However, it is on account of these very conditions and characteristics that legislation is often postponed. The Budapest Convention has been in the ratification process for more than a decade.

Also, the evolution of technologyshould be considered; the development of standards may, therefore, fall far behind technological advances. Just as organizations continuously update their standards in response to evolving risks and new technologies, the law must be at the forefront when it comes to responding to present and emergent issues which may need to be regulated.

Perhaps the way to rectify this disparity between technological innovation and the enactment of appropriate legal measures, is to focus on regulating human behaviors, especially since technologies can become obsolete in a relatively short period. This may prove to be the most reliable way for regulation to be effective, but it is also important to note that this could lead to rising tensions in the future. An example of this might be trying to regulate the use of social networks, which are not supported by legislative enactment.

Similarly, the absence of legislation or agreements on specific aspects of certain issues can undermine international collaboration, even within the same territory. Public and private sectors face a challenge when it comes to access the information for investigations, with implications for security, the right to privacy, and commercial interests, mainly of tech companies.

The aim is therefore to have legal measures in place for protection at various levels and in various spheres. To this end, legislators have also started to consider the requirements necessary for security in their countries, including their capacity to respond to large-scale incidents, the protection of their critical infrastructure, their ability to collaborate with other countries, and even to consider the development of a security culture which can be implemented in society.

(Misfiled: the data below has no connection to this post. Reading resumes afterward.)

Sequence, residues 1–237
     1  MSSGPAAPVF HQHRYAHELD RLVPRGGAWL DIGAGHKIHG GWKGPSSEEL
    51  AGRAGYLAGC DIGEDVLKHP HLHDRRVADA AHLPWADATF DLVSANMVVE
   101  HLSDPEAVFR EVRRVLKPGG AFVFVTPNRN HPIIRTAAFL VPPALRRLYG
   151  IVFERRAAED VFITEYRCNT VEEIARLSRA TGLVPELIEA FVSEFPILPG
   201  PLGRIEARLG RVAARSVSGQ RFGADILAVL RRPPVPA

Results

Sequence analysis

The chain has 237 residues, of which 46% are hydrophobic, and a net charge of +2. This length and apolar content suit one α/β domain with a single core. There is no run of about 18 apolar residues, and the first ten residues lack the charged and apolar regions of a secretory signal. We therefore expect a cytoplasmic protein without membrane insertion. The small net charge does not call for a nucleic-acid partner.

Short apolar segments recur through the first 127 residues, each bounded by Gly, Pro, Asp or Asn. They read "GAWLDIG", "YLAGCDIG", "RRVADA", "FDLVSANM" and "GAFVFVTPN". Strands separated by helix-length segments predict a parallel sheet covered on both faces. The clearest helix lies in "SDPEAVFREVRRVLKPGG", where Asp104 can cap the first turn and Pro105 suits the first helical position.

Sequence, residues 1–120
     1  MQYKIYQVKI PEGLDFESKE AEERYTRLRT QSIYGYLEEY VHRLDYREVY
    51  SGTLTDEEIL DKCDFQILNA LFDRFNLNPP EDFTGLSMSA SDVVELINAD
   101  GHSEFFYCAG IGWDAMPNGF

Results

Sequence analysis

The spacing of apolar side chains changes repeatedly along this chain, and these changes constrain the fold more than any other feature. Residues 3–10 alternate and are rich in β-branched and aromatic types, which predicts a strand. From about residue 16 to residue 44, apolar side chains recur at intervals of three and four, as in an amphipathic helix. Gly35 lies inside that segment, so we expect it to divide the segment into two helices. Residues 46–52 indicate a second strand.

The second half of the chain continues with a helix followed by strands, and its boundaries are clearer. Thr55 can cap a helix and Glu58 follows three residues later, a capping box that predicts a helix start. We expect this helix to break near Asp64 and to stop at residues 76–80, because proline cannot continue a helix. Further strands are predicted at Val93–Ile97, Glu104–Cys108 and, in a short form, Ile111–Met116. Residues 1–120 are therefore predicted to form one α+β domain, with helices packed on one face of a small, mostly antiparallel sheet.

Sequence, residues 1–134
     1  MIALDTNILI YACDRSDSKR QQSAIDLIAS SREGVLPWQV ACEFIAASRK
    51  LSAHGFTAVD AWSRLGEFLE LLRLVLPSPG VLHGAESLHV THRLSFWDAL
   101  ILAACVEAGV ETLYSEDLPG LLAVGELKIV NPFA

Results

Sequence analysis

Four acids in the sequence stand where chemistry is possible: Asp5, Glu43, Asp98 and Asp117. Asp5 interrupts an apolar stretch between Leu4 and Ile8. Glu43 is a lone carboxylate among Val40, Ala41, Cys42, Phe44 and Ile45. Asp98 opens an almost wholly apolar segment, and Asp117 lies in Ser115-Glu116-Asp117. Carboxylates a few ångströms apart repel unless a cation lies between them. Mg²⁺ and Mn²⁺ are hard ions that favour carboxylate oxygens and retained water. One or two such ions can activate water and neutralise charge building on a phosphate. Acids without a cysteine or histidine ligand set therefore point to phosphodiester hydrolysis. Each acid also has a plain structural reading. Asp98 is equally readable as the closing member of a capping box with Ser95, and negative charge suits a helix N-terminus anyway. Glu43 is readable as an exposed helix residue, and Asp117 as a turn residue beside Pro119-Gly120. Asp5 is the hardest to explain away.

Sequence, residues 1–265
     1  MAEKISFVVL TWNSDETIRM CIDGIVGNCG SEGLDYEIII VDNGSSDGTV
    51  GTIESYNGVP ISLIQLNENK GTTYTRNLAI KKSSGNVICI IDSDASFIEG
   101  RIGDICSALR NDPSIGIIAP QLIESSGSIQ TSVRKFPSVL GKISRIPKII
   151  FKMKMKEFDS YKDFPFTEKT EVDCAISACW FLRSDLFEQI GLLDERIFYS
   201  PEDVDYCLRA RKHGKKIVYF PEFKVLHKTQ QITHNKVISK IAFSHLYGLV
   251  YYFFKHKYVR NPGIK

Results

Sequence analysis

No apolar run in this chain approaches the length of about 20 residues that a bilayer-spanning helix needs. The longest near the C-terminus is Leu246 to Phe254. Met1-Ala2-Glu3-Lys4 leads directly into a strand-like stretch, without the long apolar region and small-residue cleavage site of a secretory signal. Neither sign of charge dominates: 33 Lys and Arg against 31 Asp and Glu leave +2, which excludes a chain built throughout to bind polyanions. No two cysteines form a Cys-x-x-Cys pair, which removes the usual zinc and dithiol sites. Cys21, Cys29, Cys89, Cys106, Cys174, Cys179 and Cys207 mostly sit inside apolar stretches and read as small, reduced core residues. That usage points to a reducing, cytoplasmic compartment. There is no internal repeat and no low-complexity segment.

Considering all above mentioned, in order to make the legislation truly effective, there is a need to define the unified common rules based on international, regional or national agreements and cross-border countries cooperation considering not only the legal side of the problem but the technical as well.

 

Bibliography:

  1. Council of Europe. (26 April 2018). Legal challenges related to the hybrid war and human rights obligations. Resolution 2217, Parliamentary Assembly, Committee on Legal Affairs and Human Rights. Available at https://assembly.coe.int/nw/xml/XRef/Xref-DocDetails-EN.asp?FileID=24762&lang=EN
  2. Payne, C., Finlay, L. (2019). International law cannot keep up with cyber-criminals. World Economic Forum. Available at https://www.weforum.org/agenda/2019/02/why-international-law-is-failing-to-keep-pace-with-technology-in-preventing-cyber-attacks/
  3. Calam, M., Chinn, D., Porter, J. F., Noble, J. (2018). Asking the right questions to define government’s role in cybersecurity.  McKinsey&Company. Available at https://www.mckinsey.com/industries/public-sector/our-insights/asking-the-right-questions-to-define-governments-role-in-cybersecurity
  4. Rikk, R. (2018). National Cyber Security Index 2018. e-Governance Academy. Available at https://ega.ee/wp-content/uploads/2018/05/ncsi_digital_smaller.pdf
  5. Mendoza, M. A. (2017). Challenges and implications of cybersecurity legislation, Miguel Ángel Mendoza. WeLiveSecurity. Available at https://www.welivesecurity.com/2017/03/13/challenges-implications-cybersecurity-legislation/